MalcolmLittle in "HardlyLand"

Archive for December 2010

The website Penny Arcade is much larger than the sum of it parts. It consists of a web comic (which could be easily be seen as the main draw for the majority of the site’s visitors), the creators Mike Krahulik and Jerry Holkins’ musings/”blog” entries, an online store, a forum and a growing collection of web shows under the name “PATV”.

The creators of Penny Arcade have long been vocal about their opinions on video games, pop culture and pretty much what ever they feel like. Child rearing, psychopharmacology and the newest in gaming consoles are some of the varied topics that come up, both in the comics and their accompanying posts. During one of their podcasts (where you can listen in on the creation of a comic strip) late last year illustrator Mike Krahulik asked the writer Jerry Holkins whether shedding light on their lives as comic creators would make for good television. Jerry said that it likely would, at the same time being horrified at the thought of such an endevour. It was the first time Penny Arcade regulars were introduced to the thought of a reality/documentary series based on the pair.

Little less than a year later the show Penny Arcade: the Series was first shown on their site. It revolves around interviews with the creators, the myriad activities of their company and the creative process of the webcomic. The comic is central to the website but it is not the strips alone that creates the phenomena that is Penny Arcade. The genesis of a comic, often a three-panel humor strip that is heavily grounded in gamer culture, is the two creators going through recent gaming headlines from news outlets like Kotaku where they wonder if anything strikes them as interesting or something they can have an (often humorous) outtake on. As comics go it is often funny, the angle of gaming isn’t as simple or as one-note as one could think, and the art is competent. It is the tone of the entire site that is the draw. You get the creators’ viewpoints, their “philosophy”. They are to-the-point, unapologetic and crass. They curse. They often depict violence. They tell you their honest opinions on games, people and culture. The humor is cutting. Game creators have said that having a comic about their game can either make or ruin their day. Mike Krahulik and Jerry Holkins are above all else sincere.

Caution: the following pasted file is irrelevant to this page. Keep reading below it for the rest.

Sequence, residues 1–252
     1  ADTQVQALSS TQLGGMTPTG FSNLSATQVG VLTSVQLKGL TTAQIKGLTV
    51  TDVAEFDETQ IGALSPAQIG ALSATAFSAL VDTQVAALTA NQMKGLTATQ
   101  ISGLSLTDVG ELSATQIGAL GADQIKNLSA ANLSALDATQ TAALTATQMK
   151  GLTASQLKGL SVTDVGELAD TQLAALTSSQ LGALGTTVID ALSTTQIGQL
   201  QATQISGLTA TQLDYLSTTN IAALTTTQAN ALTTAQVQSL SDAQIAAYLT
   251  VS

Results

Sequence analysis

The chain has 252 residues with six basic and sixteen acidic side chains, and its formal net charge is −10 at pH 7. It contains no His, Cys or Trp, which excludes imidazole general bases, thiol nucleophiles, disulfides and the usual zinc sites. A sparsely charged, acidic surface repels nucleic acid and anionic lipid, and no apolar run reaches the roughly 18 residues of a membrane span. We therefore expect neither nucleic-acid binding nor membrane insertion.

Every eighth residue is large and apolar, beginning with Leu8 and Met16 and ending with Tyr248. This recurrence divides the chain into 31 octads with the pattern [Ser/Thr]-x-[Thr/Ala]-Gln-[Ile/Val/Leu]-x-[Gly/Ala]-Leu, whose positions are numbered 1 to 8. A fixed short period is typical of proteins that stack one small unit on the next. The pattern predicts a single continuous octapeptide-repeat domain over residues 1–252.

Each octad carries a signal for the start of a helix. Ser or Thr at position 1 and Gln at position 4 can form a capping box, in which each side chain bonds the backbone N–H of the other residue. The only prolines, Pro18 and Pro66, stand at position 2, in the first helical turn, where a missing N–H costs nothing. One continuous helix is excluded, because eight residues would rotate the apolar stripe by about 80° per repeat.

Always a good read, with great comedic phrasing, the comic is is really at its best when it is not “gamer topical”. The comic has always had a touch of reality to it. Since the beginning the comic characters Tycho and Gabe have been alter egos for Jerry and Mike. Their real lives bleed into the comics and with the addition of the blog posts, and now the documentaries, you get a context that leads to more than just a joke in the second or third panel.

The short documentaries have shed further light on the going-ons at Penny Arcade and have finally made these voices manifest. You can see them fidget and laugh. You see how the comics come to fruition at their desks, and how their personalities cope with having to be “on” for the cameras. They are even funnier and more earnest on television (or webcast, to be correct) than in their comics.

The show displays nicely what a intriguing workplace Penny Arcade must be. You see the employees, with mastermind Robert Khoo in command, detail how such an work environment affects them and what a generally cool place it is.

PATV houses also the animated series Blamimation, created by webcomic artists Scott Kurtz and Kris Straub.

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